author = "Vikas Gulati and Shan Fan and Min Zhao and Maslonka, {Matthew A.} and Chiraag Gangahar and Toris, {Carol B}",
year = "2012",
month = "6",
day = "1",
doi = "10.1001/archophthalmol.2011.2573",
language = "English (US)",
volume = "130",
pages = "677--684",
journal = "JAMA Ophthalmology",
issn = "2168-6165",
publisher = "American Medical Association",
number = "6",

}

TY - JOUR

T1 - Diurnal and nocturnal variations in aqueous humor dynamics of patients with ocular hypertension undergoing medical therapy

AU - Gulati, Vikas

AU - Fan, Shan

AU - Zhao, Min

AU - Maslonka, Matthew A.

AU - Gangahar, Chiraag

AU - Toris, Carol B

PY - 2012/6/1

Y1 - 2012/6/1

N2 - Objective: To evaluate the interaction of intraocular pressure (IOP)-lowering medications with physiologic day and night changes in aqueous humor dynamics in participants with ocular hypertension. Methods: Thirty participants were enrolled in this double-masked, randomized, crossover study. Each participant underwent aqueous humor dynamics measurements at baseline and at 2 weeks of dosing in random order with latanoprost in the evening and placebo in the morning, timolol maleate twice daily, and dorzolamide hydrochloride twice daily. Measurements included central corneal thickness by ultrasound pachymetry, anterior chamber depth by A-scan, seated and habitual IOP by pneumatonometry, blood pressure by sphygmomanometry, episcleral venous pressure by venomanometry, and aqueous flow by fluorophotometry. Outflow facility was assessed by fluorophotometry and by tonography. Uveoscleral outflow was mathematically calculated using the Goldmann equation. Results: Latanoprost use significantly decreased IOP during the day and night. It increased daytime uveoscleral outflow by amean (SD) of 0.90 (1.46) μL/min (P=.048), but a nighttime increase of 0.26 (1.10) μL/min (P=.47) did not reach statistical significance. Timolol use decreased IOP during the day by reducing aqueous flow by 25%. Dorzolamide use lowered IOP only at the noon measurement and reduced daytime aqueous flow by 16%. Neither dorzolamide nor timolol use added to the physiologic 47% reduction in nighttime aqueous flow. Conclusions: The daytime IOP-lowering effects of latanoprost are mediated by an increase in uveoscleral outflow, and those of timolol and dorzolamide are mediated by aqueous flow suppression. Nighttime physiologic changes in uveoscleral outflow limit the nighttime pharmacodynamic efficacy of latanoprost. Aqueous flow suppression with timolol and dorzolamide was ineffective in obtaining IOP lowering at night. Trial Registration: clinicaltrials.gov Identifier: NCT00572936.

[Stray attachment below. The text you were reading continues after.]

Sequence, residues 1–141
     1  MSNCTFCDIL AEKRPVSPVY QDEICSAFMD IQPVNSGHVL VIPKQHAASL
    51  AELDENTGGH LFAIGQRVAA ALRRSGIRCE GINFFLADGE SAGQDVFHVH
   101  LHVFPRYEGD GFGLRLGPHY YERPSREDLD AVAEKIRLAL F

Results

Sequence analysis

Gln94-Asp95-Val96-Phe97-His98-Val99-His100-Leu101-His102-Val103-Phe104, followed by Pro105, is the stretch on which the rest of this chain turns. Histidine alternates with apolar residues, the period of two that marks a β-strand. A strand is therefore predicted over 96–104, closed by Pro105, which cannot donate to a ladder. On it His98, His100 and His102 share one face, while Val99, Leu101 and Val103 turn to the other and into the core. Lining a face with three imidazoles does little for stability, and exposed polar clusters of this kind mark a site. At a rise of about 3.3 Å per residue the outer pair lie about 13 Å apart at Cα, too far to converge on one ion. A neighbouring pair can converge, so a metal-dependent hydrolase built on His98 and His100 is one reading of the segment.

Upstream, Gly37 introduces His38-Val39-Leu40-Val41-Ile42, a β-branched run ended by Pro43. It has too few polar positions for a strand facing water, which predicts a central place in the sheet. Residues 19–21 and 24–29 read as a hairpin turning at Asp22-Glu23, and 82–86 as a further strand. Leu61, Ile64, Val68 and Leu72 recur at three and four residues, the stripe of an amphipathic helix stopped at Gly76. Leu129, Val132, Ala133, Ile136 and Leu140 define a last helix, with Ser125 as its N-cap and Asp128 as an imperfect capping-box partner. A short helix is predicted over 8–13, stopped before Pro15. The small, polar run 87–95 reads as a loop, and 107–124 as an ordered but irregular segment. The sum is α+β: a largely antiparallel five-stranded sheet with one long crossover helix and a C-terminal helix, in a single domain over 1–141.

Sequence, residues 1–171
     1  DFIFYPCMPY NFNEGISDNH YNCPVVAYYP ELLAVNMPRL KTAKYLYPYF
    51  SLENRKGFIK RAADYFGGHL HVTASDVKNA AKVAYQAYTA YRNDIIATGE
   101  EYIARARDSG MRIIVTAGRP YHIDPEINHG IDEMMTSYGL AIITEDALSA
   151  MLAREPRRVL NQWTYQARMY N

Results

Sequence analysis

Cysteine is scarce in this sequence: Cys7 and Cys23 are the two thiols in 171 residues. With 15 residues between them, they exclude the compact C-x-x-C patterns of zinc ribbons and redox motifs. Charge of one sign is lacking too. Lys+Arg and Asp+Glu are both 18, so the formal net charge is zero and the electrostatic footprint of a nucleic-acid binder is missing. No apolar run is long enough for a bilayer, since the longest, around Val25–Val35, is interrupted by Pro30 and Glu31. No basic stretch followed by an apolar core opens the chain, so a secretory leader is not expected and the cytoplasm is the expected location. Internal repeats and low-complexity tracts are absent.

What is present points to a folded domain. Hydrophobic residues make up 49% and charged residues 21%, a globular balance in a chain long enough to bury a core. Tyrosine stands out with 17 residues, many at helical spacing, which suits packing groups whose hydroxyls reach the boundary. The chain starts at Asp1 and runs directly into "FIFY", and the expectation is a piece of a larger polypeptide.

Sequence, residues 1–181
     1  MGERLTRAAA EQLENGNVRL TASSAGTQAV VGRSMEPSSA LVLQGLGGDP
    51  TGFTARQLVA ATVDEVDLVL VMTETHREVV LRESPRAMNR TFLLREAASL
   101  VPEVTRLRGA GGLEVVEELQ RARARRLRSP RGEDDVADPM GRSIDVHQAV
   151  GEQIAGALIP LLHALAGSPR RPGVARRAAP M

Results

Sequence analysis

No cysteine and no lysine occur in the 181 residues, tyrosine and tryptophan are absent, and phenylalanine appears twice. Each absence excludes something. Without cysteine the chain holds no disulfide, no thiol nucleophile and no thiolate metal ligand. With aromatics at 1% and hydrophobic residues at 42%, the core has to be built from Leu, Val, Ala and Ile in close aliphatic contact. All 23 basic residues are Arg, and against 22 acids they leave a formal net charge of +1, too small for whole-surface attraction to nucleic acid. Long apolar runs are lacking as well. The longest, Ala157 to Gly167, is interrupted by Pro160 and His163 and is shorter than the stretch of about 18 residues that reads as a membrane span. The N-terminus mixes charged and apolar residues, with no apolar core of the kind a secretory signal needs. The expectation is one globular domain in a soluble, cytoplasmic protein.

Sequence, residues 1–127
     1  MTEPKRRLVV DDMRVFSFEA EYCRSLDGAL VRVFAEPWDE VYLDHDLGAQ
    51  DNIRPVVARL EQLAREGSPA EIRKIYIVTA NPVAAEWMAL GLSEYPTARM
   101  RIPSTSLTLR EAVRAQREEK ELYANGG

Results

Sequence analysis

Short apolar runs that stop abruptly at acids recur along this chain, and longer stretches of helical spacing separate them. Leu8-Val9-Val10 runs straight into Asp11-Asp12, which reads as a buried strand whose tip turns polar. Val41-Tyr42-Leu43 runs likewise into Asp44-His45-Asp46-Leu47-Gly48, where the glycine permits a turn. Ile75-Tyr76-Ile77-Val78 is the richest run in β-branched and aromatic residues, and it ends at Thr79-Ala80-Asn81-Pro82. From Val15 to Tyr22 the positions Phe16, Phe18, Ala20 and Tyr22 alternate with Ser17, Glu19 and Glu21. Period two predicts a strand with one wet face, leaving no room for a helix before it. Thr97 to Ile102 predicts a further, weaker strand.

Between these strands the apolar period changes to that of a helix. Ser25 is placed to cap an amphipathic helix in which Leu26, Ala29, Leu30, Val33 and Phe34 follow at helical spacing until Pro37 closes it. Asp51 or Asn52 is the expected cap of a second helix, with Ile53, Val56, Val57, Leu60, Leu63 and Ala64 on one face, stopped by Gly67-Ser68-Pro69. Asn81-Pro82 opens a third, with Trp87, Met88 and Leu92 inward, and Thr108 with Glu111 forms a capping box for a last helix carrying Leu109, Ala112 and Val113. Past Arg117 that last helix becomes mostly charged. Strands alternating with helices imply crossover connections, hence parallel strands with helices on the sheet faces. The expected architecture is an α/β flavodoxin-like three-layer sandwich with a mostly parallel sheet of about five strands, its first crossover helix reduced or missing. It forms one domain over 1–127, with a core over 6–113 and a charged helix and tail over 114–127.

AB - Objective: To evaluate the interaction of intraocular pressure (IOP)-lowering medications with physiologic day and night changes in aqueous humor dynamics in participants with ocular hypertension. Methods: Thirty participants were enrolled in this double-masked, randomized, crossover study. Each participant underwent aqueous humor dynamics measurements at baseline and at 2 weeks of dosing in random order with latanoprost in the evening and placebo in the morning, timolol maleate twice daily, and dorzolamide hydrochloride twice daily. Measurements included central corneal thickness by ultrasound pachymetry, anterior chamber depth by A-scan, seated and habitual IOP by pneumatonometry, blood pressure by sphygmomanometry, episcleral venous pressure by venomanometry, and aqueous flow by fluorophotometry. Outflow facility was assessed by fluorophotometry and by tonography. Uveoscleral outflow was mathematically calculated using the Goldmann equation. Results: Latanoprost use significantly decreased IOP during the day and night. It increased daytime uveoscleral outflow by amean (SD) of 0.90 (1.46) μL/min (P=.048), but a nighttime increase of 0.26 (1.10) μL/min (P=.47) did not reach statistical significance. Timolol use decreased IOP during the day by reducing aqueous flow by 25%. Dorzolamide use lowered IOP only at the noon measurement and reduced daytime aqueous flow by 16%. Neither dorzolamide nor timolol use added to the physiologic 47% reduction in nighttime aqueous flow. Conclusions: The daytime IOP-lowering effects of latanoprost are mediated by an increase in uveoscleral outflow, and those of timolol and dorzolamide are mediated by aqueous flow suppression. Nighttime physiologic changes in uveoscleral outflow limit the nighttime pharmacodynamic efficacy of latanoprost. Aqueous flow suppression with timolol and dorzolamide was ineffective in obtaining IOP lowering at night. Trial Registration: clinicaltrials.gov Identifier: NCT00572936.

UR - http://www.scopus.com/inward/record.url?scp=84862199855&partnerID=8YFLogxK

UR - http://www.scopus.com/inward/citedby.url?scp=84862199855&partnerID=8YFLogxK

U2 - 10.1001/archophthalmol.2011.2573

DO - 10.1001/archophthalmol.2011.2573

M3 - Article

C2 - 22332206

AN - SCOPUS:84862199855

VL - 130

SP - 677

EP - 684

JO - JAMA Ophthalmology

JF - JAMA Ophthalmology

SN - 2168-6165

IS - 6

ER -